Credit card companies often claim their exorbitant fees paid by merchants are necessary to support rewards programs but these programs are inherently problematic. As today’s report shows, "Credit-card rewards are often framed as a 'reverse Robin Hood' mechanism in which the poor subsidize the rich," wrote the researchers.
The report found cardholders with lower credit scores overspend to try to earn more points and incur higher interest payments stemming from outstanding balances. And economists estimate that about $15.1 billion is transferred annually from poorer, less educated communities to more affluent areas with higher levels of education and income.
“The absence of competition in the payment’s ecosystem allows the largest banks and credit card companies to get away with highway robbery when it comes to swipe fees. In 2021, U.S. retailers paid an astounding $138 billion to accept electronic payments, a cost much higher than our global peers. And today’s findings from the Federal Reserve and International Monetary Fund show that these fees aren’t benefiting customers in the way Wall Street wants the public to believe. Their policies are having a negative impact especially on minority and poor communities. These injurious swipe fees don’t benefit anyone except the largest banks and credit card companies,” said Austen Jensen, executive vice president, government affairs at the Retail Industry Leaders Association.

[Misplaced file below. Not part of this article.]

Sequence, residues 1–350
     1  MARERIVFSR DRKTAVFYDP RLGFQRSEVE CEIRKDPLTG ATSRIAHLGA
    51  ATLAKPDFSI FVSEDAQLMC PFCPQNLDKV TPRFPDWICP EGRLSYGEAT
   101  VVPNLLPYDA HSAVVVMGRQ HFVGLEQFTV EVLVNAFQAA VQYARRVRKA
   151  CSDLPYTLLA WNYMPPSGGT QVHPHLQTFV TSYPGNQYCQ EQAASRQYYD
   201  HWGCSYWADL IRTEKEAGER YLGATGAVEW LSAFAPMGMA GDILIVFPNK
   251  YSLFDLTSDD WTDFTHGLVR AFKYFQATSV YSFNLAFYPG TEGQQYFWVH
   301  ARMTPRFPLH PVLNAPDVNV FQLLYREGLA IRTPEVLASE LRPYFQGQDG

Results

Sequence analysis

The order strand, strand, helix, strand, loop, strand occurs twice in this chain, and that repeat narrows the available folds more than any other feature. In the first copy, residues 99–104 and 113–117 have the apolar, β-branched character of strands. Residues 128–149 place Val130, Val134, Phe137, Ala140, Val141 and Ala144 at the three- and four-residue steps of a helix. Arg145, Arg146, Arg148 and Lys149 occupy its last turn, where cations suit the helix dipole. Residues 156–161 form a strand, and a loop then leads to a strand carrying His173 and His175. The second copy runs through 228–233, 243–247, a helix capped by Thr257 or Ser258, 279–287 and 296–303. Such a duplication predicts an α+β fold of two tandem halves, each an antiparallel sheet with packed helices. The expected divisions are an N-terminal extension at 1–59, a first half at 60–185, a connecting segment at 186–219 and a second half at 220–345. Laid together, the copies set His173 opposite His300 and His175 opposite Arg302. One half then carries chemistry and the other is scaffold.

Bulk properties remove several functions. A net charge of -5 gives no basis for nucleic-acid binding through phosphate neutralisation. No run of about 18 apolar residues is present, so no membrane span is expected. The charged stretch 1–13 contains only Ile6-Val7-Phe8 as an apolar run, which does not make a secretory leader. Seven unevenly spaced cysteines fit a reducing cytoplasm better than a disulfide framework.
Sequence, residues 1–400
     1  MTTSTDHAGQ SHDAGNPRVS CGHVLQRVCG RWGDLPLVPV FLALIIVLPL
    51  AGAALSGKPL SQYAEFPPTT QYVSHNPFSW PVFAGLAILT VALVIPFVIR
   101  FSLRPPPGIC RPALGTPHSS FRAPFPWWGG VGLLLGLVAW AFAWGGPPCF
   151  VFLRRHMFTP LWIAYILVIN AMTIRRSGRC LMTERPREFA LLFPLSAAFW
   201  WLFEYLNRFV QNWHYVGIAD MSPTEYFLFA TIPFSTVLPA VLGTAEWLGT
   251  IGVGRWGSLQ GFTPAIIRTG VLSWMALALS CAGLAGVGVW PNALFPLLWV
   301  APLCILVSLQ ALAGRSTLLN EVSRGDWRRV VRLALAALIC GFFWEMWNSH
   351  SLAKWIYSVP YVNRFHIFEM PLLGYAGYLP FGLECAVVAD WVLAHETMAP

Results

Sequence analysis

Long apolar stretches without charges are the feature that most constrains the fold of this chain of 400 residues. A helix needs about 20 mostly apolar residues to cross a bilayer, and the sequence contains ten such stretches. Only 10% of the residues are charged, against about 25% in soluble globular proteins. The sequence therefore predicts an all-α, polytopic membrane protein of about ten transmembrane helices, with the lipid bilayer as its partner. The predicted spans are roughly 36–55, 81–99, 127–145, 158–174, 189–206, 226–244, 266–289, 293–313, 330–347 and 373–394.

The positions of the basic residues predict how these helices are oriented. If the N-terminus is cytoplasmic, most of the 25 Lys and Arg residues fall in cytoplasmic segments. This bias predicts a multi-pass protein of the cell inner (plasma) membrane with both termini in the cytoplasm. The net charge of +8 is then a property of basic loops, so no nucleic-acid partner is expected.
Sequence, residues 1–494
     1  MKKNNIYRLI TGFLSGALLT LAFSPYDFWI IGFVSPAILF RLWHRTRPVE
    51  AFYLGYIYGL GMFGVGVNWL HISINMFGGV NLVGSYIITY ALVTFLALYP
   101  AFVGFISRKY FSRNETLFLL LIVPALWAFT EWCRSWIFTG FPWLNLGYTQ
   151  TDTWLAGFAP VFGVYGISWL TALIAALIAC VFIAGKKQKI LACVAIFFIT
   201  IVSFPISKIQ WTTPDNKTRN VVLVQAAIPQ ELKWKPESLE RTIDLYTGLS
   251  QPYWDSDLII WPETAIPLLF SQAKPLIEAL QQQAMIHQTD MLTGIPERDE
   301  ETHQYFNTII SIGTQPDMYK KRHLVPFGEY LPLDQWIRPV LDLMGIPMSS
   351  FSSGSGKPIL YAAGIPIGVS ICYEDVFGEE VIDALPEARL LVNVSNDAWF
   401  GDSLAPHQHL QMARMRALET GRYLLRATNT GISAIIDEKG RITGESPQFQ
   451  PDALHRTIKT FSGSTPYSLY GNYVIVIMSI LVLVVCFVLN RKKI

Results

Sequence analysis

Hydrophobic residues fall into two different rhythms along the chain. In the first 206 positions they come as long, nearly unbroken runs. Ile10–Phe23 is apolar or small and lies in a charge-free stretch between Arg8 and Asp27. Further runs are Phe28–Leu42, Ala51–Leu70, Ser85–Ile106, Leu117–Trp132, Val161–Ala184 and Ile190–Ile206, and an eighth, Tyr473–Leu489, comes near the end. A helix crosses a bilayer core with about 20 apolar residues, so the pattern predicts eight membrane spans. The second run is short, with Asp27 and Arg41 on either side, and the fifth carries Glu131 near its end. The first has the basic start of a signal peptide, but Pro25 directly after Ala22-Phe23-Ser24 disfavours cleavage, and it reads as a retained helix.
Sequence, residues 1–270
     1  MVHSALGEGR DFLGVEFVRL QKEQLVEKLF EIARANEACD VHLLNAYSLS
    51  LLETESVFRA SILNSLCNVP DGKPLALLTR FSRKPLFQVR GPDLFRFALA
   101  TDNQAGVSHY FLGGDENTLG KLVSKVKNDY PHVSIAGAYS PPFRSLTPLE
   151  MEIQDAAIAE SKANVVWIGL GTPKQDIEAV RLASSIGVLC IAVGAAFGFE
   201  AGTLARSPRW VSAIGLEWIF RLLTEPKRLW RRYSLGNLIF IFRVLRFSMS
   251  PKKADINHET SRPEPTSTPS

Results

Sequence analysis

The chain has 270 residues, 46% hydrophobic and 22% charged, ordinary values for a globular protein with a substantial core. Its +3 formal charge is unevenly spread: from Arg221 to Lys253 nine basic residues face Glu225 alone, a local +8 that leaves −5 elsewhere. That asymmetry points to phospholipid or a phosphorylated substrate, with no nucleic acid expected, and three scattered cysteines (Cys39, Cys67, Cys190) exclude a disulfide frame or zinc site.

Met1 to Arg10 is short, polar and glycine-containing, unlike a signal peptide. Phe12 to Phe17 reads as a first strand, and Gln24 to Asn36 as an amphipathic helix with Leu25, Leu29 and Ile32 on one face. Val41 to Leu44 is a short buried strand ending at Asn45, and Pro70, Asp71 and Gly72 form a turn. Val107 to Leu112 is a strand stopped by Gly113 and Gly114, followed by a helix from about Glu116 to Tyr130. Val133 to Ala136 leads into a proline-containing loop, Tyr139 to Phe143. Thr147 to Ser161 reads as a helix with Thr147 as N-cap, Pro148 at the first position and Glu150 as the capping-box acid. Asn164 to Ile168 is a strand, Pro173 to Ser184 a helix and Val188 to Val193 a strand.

The report, Who Pays For Your Rewards? Redistribution in the Credit Card Market is further evidence that Congress needs to act and pass legislation that brings meaningful competition into the credit market. Retailers stand ready to work with Congress to make this happen.
RILA is the US trade association for leading retailers. We convene decision-makers, advocate for the industry, and promote operational excellence and innovation. Our aim is to elevate a dynamic industry by transforming the environment in which retailers operate.
RILA members include more than 200 retailers, product manufacturers, and service suppliers, which together account for more than $1.5 trillion in annual sales, millions of American jobs, and more than 100,000 stores, manufacturing facilities, and distribution centers domestically and abroad.
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